August 2017 saw my husband Shaun and I on the road back to Borroloola for the 50 year Anniversary of the annual Rodeo. The Carpentaria Highway stretches over 700 kilometres travelling south east from Katherine on the Stuart Highway into the rugged Gulf country.
We had traversed this road many many times in our 14 years of living at McArthur River Station at the foothills of the Abner Range. Our children grew up and went to the one teacher school on the station and the Borroloola Rodeo was the most important social occasion on our calendar. This is where they learnt to ride and compete and met up with their little mates from around the district, just as we adults did.
Going back 23 years after we left in December 1994, was like going home. Travelling back into the ancient landscape, seeing the open savannah country roll into the rugged ranges and valleys where the magnificent McArthur River flows. We were able to book into the lovely accommodation of the Savannah Way Motel which has a fabulous restaurant with local seafood and a great wine list. A vast difference to any accommodation in the 80-90s when we took our swags to camp at the rodeo grounds.
The Rodeo grounds has grown from a dust bowl with two sheds, one for the bar and one for the catering and a set of old demountable style toilets donated by someone who once had a road building camp. Hot, smelly and not very good at flushing! these were the precursor’s to the porta a loos that one can hire now days.
In our years in the Gulf Country we participated in every rodeo with Shaun taking on the presidents job for a number of years and under his watch the rodeo extended into a regional camp-draft. The official name of the Borroloola Rodeo is Borroloola Amateur Race Club (BARC) but work health and safety saw the demise of the bush races years ago, however I proud to say that I competed in the ‘Ladies Race’ a number of times.
The camping grounds have changed from swags out on a dusty flat with an open fire, to hundred thousand dollar ‘goosenecks’ the American style horse trailer with state of the art kitchens and bedrooms and an extension for the horses, saddles, bags of feed and bales of hay. Air-conditioned with satellite dishes on the outside means that the many of the competitors disappear as soon as the sun goes down for a warm shower and a bottle of wine. No more standing around a bar under a hot tin roof, bare earth floor with a beer or rum that is cooled in blocks of ice in cut off fuel drums. Where the catering consisted of a choice of steak and sausage sandwiches cooked on a wood fired barbecue. The rodeo grounds now have a nice lawn area for the catering caravans and pop up shops with running water and electricity. There is now a vast array of food from fish and chips to Dagwood Dogs, Chinese, Thai, icy slushy drinks and fairy floss.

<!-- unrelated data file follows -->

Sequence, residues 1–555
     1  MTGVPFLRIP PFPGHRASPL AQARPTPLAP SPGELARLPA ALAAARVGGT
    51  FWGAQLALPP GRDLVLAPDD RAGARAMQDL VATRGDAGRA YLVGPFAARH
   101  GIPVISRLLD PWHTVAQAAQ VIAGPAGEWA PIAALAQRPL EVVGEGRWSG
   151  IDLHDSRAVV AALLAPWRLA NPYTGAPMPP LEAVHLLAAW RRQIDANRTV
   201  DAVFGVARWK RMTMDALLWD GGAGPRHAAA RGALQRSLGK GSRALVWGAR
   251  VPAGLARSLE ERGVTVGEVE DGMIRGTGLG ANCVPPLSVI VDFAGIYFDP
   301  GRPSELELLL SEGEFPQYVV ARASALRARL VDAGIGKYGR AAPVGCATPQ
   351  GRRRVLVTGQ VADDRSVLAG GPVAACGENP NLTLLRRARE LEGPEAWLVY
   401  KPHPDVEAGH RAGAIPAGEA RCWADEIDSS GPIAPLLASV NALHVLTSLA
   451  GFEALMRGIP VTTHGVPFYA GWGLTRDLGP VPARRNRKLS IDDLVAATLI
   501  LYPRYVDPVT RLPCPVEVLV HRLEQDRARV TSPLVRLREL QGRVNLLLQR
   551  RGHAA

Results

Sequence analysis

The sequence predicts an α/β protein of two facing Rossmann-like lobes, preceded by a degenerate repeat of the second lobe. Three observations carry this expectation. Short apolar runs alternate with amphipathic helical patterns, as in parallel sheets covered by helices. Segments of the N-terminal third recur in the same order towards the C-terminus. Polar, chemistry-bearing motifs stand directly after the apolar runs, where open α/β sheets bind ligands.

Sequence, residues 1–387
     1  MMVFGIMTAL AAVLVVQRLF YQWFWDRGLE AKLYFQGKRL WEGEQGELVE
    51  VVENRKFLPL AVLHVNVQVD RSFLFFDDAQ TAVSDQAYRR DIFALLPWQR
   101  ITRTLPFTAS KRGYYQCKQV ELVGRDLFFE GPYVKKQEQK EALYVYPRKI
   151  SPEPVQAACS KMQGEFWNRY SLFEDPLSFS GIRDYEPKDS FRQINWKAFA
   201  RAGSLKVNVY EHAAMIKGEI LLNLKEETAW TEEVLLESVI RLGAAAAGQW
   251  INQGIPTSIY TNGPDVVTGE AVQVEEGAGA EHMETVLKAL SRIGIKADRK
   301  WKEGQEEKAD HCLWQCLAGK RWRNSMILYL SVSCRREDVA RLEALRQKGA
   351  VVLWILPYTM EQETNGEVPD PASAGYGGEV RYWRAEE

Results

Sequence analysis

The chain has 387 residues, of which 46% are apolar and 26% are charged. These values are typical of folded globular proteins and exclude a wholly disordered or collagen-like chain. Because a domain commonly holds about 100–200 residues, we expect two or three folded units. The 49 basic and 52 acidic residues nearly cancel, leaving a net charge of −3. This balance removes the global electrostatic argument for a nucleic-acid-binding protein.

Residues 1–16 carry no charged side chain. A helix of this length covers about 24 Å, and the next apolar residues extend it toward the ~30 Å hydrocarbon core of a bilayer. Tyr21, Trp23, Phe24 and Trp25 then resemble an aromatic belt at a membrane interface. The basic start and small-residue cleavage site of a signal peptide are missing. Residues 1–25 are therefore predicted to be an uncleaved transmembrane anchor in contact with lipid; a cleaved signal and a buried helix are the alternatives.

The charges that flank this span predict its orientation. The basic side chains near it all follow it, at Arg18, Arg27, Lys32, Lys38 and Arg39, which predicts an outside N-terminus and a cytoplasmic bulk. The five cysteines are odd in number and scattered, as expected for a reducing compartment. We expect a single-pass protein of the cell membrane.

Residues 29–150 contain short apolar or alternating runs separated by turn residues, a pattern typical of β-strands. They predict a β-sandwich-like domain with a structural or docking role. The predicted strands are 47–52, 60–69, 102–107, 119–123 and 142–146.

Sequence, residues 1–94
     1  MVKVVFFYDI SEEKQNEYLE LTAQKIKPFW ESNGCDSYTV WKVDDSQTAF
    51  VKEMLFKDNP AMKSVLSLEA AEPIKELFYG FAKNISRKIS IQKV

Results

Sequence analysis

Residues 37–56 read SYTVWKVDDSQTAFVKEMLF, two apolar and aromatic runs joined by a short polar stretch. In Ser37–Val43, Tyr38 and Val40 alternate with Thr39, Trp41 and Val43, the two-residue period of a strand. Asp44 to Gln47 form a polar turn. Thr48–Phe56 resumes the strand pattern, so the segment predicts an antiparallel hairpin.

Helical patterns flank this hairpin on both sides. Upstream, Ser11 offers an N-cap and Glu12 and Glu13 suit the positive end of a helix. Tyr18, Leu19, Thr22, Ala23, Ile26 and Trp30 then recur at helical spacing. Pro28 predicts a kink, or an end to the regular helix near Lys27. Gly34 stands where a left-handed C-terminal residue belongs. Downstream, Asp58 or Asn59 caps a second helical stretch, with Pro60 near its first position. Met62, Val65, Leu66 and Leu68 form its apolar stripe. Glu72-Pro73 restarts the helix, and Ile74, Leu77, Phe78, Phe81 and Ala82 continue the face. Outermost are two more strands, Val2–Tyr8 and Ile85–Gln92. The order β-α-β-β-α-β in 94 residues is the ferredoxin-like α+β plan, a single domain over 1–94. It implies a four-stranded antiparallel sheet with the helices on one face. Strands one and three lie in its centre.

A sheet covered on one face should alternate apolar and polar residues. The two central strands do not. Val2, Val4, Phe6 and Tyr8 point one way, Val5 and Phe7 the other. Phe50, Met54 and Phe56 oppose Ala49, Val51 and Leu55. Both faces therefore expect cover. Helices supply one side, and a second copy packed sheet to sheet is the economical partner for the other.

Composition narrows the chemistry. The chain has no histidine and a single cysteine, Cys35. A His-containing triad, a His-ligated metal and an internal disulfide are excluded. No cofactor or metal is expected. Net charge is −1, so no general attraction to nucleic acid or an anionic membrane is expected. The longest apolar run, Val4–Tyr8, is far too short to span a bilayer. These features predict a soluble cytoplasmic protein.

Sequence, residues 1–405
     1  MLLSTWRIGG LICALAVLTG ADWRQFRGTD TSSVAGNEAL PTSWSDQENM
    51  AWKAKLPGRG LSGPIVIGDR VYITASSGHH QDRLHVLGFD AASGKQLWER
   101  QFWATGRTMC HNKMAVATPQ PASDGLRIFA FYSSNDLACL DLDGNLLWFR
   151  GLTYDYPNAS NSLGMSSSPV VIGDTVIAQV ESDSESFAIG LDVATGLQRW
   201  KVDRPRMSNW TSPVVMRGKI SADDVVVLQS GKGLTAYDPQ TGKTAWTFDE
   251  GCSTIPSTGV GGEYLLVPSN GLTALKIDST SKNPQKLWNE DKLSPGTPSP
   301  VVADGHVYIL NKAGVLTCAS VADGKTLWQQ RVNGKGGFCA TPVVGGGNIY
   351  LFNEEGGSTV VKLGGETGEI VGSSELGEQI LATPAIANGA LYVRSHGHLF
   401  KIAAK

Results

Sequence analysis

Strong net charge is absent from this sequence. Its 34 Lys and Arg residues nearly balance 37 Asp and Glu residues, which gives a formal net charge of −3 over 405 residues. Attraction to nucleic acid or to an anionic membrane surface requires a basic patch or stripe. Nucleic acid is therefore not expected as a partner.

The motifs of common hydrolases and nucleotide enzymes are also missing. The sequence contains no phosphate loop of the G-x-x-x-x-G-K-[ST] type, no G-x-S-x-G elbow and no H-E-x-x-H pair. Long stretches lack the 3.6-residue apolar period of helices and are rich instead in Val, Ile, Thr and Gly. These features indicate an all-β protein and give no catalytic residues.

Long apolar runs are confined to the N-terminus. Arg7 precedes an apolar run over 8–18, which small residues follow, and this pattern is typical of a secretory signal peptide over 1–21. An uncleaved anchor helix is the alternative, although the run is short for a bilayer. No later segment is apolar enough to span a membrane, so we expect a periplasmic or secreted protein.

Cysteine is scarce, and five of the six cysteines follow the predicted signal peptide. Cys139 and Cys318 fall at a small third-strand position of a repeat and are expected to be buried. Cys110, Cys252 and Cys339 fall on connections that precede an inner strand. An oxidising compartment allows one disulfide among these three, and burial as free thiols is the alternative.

On arrival at the rodeo we soon found a group of friends, The Burke Family from Broadmere Station, with a tarpaulin strung between Toyota’s, chairs, esky’s full of cold beer and wine and a pile of little kids playing in the dirt.
Though things have changed massively since we left, some things haven’t changed and that is the rough and tumble of the rodeo where everyone has a go, from bull riding, to camp-drafting, barrel racing and kids novelty events and the meeting up with friends from years ago, where one picks up the conversation as if a few decades had not just passed us by.
Best seats in the house
The famous pioneering family, the Darcy’s of Mallapunyah still park their vehicle at the end of the arena for the best seats in town, Frankie Shadforth from Seven Emus Station, David and Margie Daniell from McArthur River, Bill and Cissy Bright pioneers of Kiana Statio , Roz Kerr keeping the rodeo flowing from the end of a microphone and her mother Mavis who has been to every rodeo in the last 40 years, all have ridden the test of time and kept the rodeo going, getting bigger and better each year. Jan Darcy the matriarch competitor of the rodeo who has been competing for over 40 years, with her beautiful smile and kind words of encouragement for everyone.
Borroloola Rodeo is probably the last of the real outback rodeo’s in Australia where you will see three generations of one family competing in a range of events, mentoring and encouraging and keeping an outback tradition alive. Borroloola Rodeo is not a place for the faint hearted – It is tough country out there and it is a long way from anywhere, but it boasts a proud heritage of cross cultural respect and survival.
It is a place rich in legends of crocodile hunters and the toughest horsemen in the country along with the traditional Mara, Yanuwa and Gudangi people who live happily between two cultures, who walk their country, hunting for dugong and barramundi and telling the stories of ancient days through song, dance and paintings.
The annual Borroloola Rodeo is held on the third weekend in August each year. A must see on your travels in Outback NT.
It is an action packed three days at the Rodeo.
If you would like to read more about Borroloola rodeo and the Gulf Country you can read it all in my memoir – My Outback Life